Thursday, 22 March 2018

Pure monetary policy does not make sense, and nor does pure fiscal policy.

By “pure monetary” policy, I mean adjusting interest rates. The problem there is (strange to relate) that interest rates have to be kept artificially high for that to work, which results in mortgagors paying an artificially high rate of interest year after year. Reasons are thus.

There is no good reason for government (i.e. taxpayers) to pay interest to anyone simply for hoarding the state’s liabilities (i.e. hoarding base money). That is, as Milton Friedman and Warren Mosler explained, interest on the national debt should ideally be zero.

National debt and base money are virtually the same thing as Martin Wolf, chief economics correspondent at the Financial Times explained. Thus anyone holding national debt essentially has a term account with a bank called “the state” (i.e. government and central bank) which pays interest.

Thus for the state to be able to cut interest rates come a recession, interest on the debt has to be kept at an artificially high level (assuming negative interest rates are not an option, and certainly negative rates do pose problems).

In addition to mortgagors paying an artificially high rate of interest, it is widely accepted in economics that GDP is maximised when prices are at their free market level, unless there are very specific reasons for thinking market forces have got it wrong in some way. And in this case (i.e. in the case of interest rates) I see no reason for thinking that the free market rate of interest isn't the optimum or “GDP maximising” rate.

Conclusion  so far: pure monetary policy does not make sense, though (like Milton Friedman) I wouldn’t rule out interest rate adjustments in an emergency.

Fiscal policy.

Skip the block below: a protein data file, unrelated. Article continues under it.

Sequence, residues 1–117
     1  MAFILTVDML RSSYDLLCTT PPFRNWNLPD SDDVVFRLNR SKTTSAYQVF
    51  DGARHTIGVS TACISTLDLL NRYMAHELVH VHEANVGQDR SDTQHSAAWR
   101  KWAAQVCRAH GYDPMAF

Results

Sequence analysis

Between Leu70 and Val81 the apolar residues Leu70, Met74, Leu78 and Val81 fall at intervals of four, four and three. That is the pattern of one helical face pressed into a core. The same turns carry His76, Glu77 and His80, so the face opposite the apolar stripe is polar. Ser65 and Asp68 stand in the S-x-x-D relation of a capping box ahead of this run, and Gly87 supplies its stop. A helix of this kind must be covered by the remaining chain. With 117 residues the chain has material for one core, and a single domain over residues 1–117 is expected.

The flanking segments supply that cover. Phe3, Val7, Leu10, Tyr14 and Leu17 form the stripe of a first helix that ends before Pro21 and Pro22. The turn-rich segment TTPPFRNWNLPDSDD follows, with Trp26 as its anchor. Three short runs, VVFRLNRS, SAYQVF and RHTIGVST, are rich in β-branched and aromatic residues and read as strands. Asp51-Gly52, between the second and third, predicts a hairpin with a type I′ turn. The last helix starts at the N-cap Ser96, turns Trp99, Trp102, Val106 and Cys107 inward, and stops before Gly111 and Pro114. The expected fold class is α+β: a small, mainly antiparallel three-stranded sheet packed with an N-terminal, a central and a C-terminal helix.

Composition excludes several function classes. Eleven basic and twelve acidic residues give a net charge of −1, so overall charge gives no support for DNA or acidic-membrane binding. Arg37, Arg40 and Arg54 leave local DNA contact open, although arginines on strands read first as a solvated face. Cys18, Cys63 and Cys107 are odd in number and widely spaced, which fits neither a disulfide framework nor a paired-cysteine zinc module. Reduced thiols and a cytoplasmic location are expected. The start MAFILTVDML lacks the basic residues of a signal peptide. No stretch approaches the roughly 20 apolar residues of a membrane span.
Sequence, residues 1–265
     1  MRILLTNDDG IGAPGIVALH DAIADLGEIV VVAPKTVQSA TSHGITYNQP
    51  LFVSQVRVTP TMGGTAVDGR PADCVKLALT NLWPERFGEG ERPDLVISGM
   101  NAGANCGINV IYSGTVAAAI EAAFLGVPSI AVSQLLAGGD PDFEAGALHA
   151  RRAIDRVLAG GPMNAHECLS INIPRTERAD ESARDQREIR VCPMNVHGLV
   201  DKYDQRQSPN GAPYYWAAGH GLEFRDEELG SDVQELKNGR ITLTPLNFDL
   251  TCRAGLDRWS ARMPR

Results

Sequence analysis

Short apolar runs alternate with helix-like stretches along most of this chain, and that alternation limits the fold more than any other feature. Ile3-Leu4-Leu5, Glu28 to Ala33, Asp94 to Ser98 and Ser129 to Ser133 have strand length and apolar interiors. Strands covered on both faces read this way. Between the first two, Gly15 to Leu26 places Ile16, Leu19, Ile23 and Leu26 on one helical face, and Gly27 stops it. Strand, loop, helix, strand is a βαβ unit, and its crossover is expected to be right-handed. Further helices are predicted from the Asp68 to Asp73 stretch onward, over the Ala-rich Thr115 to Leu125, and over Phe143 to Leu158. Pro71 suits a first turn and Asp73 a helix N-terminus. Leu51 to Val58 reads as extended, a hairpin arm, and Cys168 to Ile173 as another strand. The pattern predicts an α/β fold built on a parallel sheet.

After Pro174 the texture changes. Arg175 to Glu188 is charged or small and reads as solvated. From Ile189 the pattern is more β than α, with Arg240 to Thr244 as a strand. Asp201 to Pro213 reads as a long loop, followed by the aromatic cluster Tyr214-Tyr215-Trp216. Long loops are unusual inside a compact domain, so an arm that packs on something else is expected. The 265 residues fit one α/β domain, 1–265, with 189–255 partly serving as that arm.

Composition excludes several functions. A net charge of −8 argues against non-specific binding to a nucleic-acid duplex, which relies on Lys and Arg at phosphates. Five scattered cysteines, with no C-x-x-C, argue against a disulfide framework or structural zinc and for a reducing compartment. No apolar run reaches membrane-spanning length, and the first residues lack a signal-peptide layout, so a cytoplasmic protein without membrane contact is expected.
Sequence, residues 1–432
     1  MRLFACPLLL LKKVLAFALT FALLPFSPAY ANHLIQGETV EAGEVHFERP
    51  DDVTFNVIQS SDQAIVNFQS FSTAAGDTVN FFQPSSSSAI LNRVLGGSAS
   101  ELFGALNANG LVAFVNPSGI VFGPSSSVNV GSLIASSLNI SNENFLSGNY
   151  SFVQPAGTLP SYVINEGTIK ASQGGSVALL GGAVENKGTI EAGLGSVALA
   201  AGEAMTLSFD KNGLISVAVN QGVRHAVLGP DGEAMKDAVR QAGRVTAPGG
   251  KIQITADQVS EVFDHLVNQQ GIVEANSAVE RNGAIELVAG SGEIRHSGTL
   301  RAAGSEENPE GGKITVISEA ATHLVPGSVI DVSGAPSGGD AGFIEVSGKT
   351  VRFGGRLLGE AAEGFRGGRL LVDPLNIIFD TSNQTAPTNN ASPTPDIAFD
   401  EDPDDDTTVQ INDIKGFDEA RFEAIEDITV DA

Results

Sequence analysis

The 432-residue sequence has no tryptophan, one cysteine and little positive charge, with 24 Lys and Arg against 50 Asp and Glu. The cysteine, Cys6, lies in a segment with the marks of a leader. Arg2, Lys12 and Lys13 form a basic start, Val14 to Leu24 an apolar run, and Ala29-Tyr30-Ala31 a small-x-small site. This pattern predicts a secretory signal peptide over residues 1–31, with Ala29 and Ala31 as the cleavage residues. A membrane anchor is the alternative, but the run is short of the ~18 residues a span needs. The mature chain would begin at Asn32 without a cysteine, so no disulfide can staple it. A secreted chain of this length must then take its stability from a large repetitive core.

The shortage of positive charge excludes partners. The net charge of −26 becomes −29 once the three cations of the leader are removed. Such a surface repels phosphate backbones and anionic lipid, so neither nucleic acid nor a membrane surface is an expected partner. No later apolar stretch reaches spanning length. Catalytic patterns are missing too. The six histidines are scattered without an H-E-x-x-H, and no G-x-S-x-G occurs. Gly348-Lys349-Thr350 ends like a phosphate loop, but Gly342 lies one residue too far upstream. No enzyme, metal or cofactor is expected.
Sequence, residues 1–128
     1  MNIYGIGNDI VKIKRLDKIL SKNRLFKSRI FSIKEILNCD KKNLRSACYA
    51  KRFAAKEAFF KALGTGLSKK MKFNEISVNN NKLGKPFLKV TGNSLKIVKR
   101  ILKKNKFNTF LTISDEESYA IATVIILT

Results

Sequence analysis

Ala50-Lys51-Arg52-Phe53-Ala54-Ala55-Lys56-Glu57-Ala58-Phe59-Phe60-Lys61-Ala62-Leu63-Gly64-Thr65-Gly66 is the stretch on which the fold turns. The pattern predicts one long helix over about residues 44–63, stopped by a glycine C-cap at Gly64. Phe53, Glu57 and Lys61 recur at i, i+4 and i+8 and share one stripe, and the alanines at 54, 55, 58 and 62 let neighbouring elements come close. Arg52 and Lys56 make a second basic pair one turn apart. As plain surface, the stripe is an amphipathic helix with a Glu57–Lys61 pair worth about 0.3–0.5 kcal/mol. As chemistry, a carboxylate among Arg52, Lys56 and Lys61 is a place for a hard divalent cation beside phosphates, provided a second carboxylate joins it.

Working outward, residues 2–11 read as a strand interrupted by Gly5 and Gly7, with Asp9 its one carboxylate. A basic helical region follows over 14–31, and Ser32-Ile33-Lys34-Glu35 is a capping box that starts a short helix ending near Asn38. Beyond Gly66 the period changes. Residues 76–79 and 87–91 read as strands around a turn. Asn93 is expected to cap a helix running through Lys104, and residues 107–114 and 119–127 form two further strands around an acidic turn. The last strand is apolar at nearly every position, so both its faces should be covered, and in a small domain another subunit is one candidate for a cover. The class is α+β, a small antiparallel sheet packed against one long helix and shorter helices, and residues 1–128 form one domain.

As to pure fiscal policy, I define that as: “government borrows $X, spends $X (and/or cuts taxes) and gives $X worth of bonds to those it has borrowed from.

Now the problem with that is that while spending the latter money is stimulatory, borrowing money has the opposite effect: it is “anti-stimulatory” or “deflationary” to use another term. But what’s the point of doing something anti-stimulatory when the object of the exercise is stimulus? It’s pointless.

Indeed, when governments do implement “borrow and spend”, the central bank has to make sure that additional borrowing does not raise interest rates: indeed the central bank is quite likely to actually cut interest rates, assuming government is right to think the economy is not at capacity, and hence that some “borrow and spend” is justified. But how do central banks implement that interest rate reducing effect? Well they print money and buy back government debt!  But that’s monetary policy!

So why not cut all the complexity there and simply print money and spend it (and/or cut taxes) when stimulus is needed. As just explained, that’s more or less what happens anyway, but in a roundabout and unnecessarily complicated way. Or put another way, monetary policy in the form of interest rate adjustments do not make sense, and fiscal policy doesn’t work propertly without the assistance of monetary policy.

The only problem with the latter novel “print and spend” way of imparting stimulus, is that many people would object to politicians getting too near the money printing press. Well actually they can quite easily be kept away: it wouldn’t be difficult to set up a system where politicians keep control of strictly political decisions, like what proportion of GDP goes to public spending, while some committee of economists (perhaps at the central bank) decides on the size of the deficit or surplus.

Bernanke actually gave his approval to such an arrangement. See para starting “A possible arrangement…” halfway down here.  The title of the article is "Here's How Ben Bernanke's "Helicopter Money" Plan Might Work."

No comments:

Post a Comment

Post a comment.